Miscellaneous Steel Joist and Joist Girder Specifications and Load Tables
SJI Archives
Steel Joist Institute
Myrtle Beach, South Carolina

Joist Investigation Form
Steel Joist Institute
Myrtle Beach, South Carolina

Architects’ and Builders’ Handbook, 18th Edition
Frank E. Kidder
Harry Parker
John Wiley and Sons, 1956

Historical Building Construction
Donald Friedman
W. W. Norton & Company

Structural Engineers’ Handbook
Milo S. Ketchum, C.E.
McGraw-Hill Book Company, Inc.
Second Edition, 1918

Handbook of Building Construction
Volume II
George A. Hool, S.B.
McGraw-Hill Book Company, Inc.

Author’s Commentary on the Cited References

For all of the articles that have been either published to date or will be in the future for the Antiquated Structural Systems Series, I have obtained the information presented by researching material that was already published by individuals or previously disseminated by manufacturers or industry organizations. In all cases, I have contacted the source of the information (when they were either alive or available) and requested permission to reprint figures, charts, or other similar images. This approach has enabled me to fulfill the primary purpose of the series, which is to compile and disseminate a resource of information to enable the sharing of knowledge concerning existing structural systems within the structural engineering community.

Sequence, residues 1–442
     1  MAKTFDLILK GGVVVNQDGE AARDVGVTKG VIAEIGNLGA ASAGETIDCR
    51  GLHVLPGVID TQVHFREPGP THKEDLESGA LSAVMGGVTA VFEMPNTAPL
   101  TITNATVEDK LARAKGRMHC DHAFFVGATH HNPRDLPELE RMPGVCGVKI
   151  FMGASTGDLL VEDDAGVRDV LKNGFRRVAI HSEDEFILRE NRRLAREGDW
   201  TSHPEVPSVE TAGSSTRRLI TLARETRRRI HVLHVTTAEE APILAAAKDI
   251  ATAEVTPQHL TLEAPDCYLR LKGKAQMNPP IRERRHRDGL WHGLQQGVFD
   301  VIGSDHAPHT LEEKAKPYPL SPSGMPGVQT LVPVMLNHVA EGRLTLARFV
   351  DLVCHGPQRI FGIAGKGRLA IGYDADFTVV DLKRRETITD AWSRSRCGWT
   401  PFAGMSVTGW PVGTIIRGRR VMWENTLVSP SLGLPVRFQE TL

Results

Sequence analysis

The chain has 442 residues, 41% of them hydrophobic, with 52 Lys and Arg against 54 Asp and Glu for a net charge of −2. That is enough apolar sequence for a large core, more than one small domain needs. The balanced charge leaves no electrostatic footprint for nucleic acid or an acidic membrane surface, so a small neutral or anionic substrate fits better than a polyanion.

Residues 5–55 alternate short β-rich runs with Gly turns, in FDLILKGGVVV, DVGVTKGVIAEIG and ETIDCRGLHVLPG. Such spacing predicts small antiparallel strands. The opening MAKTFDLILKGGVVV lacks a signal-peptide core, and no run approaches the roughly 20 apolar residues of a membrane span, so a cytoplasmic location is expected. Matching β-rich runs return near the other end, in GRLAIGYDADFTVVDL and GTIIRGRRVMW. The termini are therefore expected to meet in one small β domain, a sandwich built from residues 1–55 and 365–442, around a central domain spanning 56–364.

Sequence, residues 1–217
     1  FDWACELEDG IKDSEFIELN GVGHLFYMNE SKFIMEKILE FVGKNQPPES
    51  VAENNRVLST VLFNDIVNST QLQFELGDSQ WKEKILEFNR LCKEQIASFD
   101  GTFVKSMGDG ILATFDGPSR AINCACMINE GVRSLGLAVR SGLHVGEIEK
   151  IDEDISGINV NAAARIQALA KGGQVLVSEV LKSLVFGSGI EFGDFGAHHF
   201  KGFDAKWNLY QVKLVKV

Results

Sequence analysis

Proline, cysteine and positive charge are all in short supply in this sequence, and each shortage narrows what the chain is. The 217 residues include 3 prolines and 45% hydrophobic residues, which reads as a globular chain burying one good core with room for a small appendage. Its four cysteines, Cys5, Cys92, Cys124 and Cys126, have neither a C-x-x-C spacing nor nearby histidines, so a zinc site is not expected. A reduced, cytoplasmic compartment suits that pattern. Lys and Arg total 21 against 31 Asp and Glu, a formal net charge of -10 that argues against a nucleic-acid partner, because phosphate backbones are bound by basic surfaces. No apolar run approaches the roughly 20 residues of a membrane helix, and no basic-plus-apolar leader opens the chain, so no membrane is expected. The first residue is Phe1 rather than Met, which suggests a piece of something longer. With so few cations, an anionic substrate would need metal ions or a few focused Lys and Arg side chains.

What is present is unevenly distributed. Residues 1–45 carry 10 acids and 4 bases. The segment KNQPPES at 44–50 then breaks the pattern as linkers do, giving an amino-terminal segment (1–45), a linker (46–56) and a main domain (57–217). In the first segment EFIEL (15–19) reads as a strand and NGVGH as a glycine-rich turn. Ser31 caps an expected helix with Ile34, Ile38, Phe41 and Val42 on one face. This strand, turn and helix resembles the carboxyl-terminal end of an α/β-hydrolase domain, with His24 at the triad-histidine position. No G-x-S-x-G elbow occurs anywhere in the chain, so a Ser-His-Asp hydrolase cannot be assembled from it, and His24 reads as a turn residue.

Related Links

For additional technical information related to this subject, please visit the following website:


Once you finish studying the above course content, you need to take a quiz to obtain the PDH credits.

Take a Quiz

DISCLAIMER: The materials contained in the online course are not intended as a representation or warranty on the part of PDH Center or any other person/organization named herein. The materials are for general information only. They are not a substitute for competent professional advice. Application of this information to a specific project should be reviewed by a registered architect and/or professional engineer/surveyor. Anyone making use of the information set forth herein does so at their own risk and assumes any and all resulting liability arising therefrom.